"Three hundred sixty years from now, in the core part of the USS Arizona, the oil bunkers here will still have significant structural integrity," he said.

Another example is the SS Jacob Luckenbach. A freighter carrying military supplies, it left San Francisco in July 1953, headed for Korea, when it struck another vessel in fog. It sank just 17 miles off the coast, settling in 180 feet of water with 457,000 gallons of bunker fuel on board.

In the early 1990s, Californians began to notice mysterious, intermittent oil spills on their beaches. Over the next decade, more than 51,000 shorebirds were covered with oil and died. Oil and tar balls floated onto the beaches.

Investigators sampled the goo and tried to match it to fuel in the bunkers of passing ships. "But we couldn't figure out where it was coming from," Symons said.

It wasn't until 2002 that the state's technical dive community — recreational divers who used advanced technologies to reach more challenging sites — came forward and said they knew a shipwreck in the area that had been leaking oil for years, Symons said. It was the Luckenbach.

Cleanup and wildlife rehabilitation cost $2 million. Salvage of 100,000 gallons of the ship's oil eventually cost another $20 million, said Dagmar Schmidt-Etkin of Environmental Research Consulting. The rest remains on board.

Identifying wrecks that pose a serious risk of leaks and extracting the fuel before an incident occurs is costly, she said. But there is a cost to doing nothing, too: the economic losses to fisheries and tourism; monitoring wrecks for signs of spills; maintaining the personnel, equipment and supplies needed to respond when needed; cleaning the shoreline and oiled wildlife; and disposing of the oil.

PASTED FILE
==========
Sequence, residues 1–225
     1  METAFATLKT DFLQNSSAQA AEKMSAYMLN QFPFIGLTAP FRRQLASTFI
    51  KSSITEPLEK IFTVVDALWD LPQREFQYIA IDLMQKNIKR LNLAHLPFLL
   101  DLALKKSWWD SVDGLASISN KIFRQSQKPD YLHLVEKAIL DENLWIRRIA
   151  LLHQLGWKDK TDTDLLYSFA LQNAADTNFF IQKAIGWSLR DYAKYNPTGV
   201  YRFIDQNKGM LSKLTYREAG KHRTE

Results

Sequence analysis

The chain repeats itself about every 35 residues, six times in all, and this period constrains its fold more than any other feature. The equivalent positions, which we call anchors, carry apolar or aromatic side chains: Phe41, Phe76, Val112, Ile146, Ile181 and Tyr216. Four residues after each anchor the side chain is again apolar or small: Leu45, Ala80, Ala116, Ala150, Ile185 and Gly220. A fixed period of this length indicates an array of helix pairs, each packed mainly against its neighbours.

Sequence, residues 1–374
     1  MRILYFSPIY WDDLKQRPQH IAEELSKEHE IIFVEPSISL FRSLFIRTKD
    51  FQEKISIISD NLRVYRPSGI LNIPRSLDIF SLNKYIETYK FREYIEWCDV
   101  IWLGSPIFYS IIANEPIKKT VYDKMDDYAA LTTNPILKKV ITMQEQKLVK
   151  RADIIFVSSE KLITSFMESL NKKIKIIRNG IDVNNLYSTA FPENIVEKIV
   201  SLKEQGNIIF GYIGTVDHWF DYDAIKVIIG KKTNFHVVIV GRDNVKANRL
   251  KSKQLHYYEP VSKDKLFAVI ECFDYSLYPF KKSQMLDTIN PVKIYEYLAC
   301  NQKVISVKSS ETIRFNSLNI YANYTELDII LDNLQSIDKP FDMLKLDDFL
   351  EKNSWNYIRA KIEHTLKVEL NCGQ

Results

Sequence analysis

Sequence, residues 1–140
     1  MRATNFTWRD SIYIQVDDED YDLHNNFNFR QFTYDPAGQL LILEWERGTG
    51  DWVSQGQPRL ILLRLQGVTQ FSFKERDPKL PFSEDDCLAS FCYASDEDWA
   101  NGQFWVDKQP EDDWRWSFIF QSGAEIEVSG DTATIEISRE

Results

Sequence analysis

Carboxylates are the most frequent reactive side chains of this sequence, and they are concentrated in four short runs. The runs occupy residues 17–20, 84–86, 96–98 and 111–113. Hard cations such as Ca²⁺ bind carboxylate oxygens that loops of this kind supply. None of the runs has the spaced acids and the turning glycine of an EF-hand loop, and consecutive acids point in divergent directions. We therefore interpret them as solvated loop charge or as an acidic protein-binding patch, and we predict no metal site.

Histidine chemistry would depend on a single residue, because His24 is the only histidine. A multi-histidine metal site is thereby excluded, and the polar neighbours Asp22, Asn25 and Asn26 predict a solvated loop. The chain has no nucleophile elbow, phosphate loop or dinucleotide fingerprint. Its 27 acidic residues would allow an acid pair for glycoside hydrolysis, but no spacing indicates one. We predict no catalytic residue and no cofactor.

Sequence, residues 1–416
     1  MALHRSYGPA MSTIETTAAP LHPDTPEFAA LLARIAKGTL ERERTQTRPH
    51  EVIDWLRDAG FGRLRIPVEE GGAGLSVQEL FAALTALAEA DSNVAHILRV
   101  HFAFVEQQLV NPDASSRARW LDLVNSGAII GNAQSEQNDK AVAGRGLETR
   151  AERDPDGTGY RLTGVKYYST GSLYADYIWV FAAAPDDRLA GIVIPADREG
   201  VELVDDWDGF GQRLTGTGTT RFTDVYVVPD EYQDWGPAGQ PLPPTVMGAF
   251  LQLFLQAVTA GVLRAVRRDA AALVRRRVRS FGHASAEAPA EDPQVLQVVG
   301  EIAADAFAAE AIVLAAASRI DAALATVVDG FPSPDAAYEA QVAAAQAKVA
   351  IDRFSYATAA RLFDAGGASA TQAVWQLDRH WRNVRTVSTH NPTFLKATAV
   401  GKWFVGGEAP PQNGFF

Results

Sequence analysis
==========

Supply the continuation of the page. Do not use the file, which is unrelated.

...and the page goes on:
Her study estimated the costs of dealing with an oil spill from a shipwreck at $1 million to $5 million for a small spill at a protected location, to $20 million to $100 million for a big, complex spill recovery in a difficult, or open-water location.

Symons said there are many more ships like the Luckenbach off North Carolina, Virginia and Maryland, "and all the way up the seaboard, with the potential for having significant pollutants on board. We can wait until one of these vessels breaks apart, or we can try to be proactive."

Scott Wahl, public information officer for the New Jersey beach town of Avalon, said at the conference that his town has just 2,000 year-round residents. But its beach economy is dependent on clean and healthy beaches.

"Every job along the beach is dependent on clean beaches," he said. "Without that sand on the beach, we don't have an economy. Without a clean environment, we don't have an economy." Preventing spills from shipwrecks, he said, "is not a cost; it's an investment."



Maryland weather blog: Frank Roylance on meteorology

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